Dan's Take

DRaaS in the Clouds

Disaster Recovery-as-a-Service vendor OnApp touts its wares.

It seems that executives of a whole herd of startups and mainline storage suppliers have become fascinated by the intersection of cloud storage services and disaster recovery. For example, my Inbox contained a message from OnApp telling me that the company had just announced "a new Disaster Recovery-as-a-Service (DRaaS) capability for the its cloud platform used by public, private and hybrid cloud services providers worldwide."

Here's a snippet of the announcement:

OnApp DRaaS adds real-time data replication and restore to OnApp clouds. It enables services providers to offer Constant Data Protection (CDP) for enterprise applications and data that demand the highest-possible resilience, and expands the range of applications that businesses are willing to host 'in the cloud.' OnApp DRaaS is now in beta testing with OnApp cloud providers. General availability is planned for Q3 2015.

OnApp DRaaS uses distributed cloud capacity over secure connections to replicate virtual server data in real time.

The key to this announcement is that OnApp would like services providers to rely on its OnApp Storage, which is in turn built upon its OnApp Cloud platform.

Better Than Sliced Bread?
Everyone in the storage, backup and recovery, and systems business seems to believe that their DRaaS offering is the best thing since pockets, and far better than sliced bread or canned beer. Over the last few months, I've heard similar stories from Cisco, EMC, NetApp, and a whole host of backup and disaster recovery (DR) software companies.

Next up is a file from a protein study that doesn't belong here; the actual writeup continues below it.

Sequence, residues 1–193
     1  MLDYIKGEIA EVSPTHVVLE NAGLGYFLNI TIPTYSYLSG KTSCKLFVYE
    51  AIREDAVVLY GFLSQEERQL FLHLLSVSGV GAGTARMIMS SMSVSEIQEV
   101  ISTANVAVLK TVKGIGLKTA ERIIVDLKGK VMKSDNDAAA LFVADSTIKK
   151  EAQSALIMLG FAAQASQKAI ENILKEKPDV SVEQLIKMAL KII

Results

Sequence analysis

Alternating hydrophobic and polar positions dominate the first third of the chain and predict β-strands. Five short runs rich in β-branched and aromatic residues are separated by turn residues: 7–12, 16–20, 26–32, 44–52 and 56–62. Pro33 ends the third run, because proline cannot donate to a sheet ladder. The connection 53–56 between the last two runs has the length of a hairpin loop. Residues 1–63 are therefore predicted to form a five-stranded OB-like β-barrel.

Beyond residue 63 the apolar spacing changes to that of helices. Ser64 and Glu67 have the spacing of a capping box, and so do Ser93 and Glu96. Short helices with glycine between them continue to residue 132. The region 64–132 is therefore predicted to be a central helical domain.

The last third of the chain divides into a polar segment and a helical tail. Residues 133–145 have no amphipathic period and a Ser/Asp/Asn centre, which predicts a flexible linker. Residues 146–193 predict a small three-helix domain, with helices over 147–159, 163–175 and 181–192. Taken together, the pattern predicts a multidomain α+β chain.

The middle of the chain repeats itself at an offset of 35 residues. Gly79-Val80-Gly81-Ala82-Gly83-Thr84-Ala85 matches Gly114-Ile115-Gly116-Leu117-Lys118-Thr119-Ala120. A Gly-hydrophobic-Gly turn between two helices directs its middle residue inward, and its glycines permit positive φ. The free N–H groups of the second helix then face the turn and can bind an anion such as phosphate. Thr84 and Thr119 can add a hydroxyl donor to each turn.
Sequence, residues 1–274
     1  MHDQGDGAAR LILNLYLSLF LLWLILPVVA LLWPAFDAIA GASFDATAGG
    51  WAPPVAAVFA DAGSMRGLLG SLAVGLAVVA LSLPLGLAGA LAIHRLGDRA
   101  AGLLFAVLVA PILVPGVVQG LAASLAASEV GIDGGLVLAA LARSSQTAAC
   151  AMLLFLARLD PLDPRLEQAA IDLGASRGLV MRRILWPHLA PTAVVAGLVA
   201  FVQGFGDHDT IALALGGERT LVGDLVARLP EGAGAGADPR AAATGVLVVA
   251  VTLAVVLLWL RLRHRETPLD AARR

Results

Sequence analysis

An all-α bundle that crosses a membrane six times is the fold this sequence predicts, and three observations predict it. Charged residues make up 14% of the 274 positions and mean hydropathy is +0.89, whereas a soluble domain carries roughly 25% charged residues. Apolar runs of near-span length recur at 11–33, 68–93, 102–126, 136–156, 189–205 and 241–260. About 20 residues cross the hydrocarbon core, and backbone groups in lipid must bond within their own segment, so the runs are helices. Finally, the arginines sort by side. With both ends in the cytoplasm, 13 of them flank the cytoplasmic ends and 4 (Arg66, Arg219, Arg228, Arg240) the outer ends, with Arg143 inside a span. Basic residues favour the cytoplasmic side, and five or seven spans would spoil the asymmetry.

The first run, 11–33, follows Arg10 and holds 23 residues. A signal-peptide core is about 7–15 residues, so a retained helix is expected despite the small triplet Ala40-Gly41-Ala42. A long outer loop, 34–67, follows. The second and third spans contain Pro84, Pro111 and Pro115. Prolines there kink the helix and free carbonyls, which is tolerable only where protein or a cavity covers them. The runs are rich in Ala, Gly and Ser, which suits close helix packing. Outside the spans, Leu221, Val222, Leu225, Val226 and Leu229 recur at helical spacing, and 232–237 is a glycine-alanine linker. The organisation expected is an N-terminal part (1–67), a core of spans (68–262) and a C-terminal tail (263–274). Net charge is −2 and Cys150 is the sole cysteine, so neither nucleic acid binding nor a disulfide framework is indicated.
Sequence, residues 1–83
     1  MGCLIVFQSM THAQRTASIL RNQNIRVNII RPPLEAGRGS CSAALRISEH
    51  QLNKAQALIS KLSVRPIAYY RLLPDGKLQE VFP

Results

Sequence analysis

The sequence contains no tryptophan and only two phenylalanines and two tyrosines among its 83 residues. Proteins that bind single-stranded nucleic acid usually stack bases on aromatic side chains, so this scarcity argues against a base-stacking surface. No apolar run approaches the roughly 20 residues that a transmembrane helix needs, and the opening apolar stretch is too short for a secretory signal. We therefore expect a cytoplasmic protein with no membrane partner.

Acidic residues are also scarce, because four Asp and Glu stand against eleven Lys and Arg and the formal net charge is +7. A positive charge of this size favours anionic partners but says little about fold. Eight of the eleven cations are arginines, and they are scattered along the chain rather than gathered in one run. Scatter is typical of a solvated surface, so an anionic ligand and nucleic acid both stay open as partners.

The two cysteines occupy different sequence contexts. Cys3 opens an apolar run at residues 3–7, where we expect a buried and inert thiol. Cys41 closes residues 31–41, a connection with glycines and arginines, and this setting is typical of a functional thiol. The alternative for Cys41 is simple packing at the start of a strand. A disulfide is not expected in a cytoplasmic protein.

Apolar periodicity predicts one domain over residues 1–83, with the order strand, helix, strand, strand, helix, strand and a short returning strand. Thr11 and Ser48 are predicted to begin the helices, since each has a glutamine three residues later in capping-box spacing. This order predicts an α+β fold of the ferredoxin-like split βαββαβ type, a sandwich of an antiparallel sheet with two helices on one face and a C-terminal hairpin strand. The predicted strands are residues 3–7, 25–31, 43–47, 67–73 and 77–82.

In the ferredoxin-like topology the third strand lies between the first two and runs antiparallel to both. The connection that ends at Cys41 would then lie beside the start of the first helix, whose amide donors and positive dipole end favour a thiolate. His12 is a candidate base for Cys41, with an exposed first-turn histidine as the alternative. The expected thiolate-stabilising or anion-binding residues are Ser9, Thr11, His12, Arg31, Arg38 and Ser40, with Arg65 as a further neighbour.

DR is a set of processes, procedures, backup or replication software, and storage designed to survive the loss of applications, systems, databases, and so on. The assumption is that things are going to fail; and maintaining copies of important data, usually off-site, can make recovering from that disaster both easier and quicker.

Cloud storage suppliers added on the concept that the storage that's the target of both the backup and recovery technology should be both off-site and in their data center. They, of course, would like enterprises to rent storage space on an as-needed basis, which they say will save money over the company purchasing its own storage infrastructure.

Dan's Take: The Consultant's Answer
Depending on the size and capabilities of the enterprise, this just might be a good deal.

Smaller enterprises would like to enjoy the comfort of knowing that their critical data will survive the loss of their application systems without them also having to accept the burden of acquiring and maintaining the storage, the SAN, the systems, the backup and recovery software, and, of course, the costs of staff, facilities management, power and cooling.

Departments of larger enterprises might prefer to move the cost of these things from the capital to the operational expense side of their ledger by subscribing to a services offering rather than purchasing hardware, software licenses, and having a sizable staff devoted to backup and recovery.

In the end, the decision hinges on whether an ongoing services offering makes better business sense than acquiring the IT resources needed.

About the Author

Daniel Kusnetzky, a reformed software engineer and product manager, founded Kusnetzky Group LLC in 2006. He's literally written the book on virtualization and often comments on cloud computing, mobility and systems software. He has been a business unit manager at a hardware company and head of corporate marketing and strategy at a software company.

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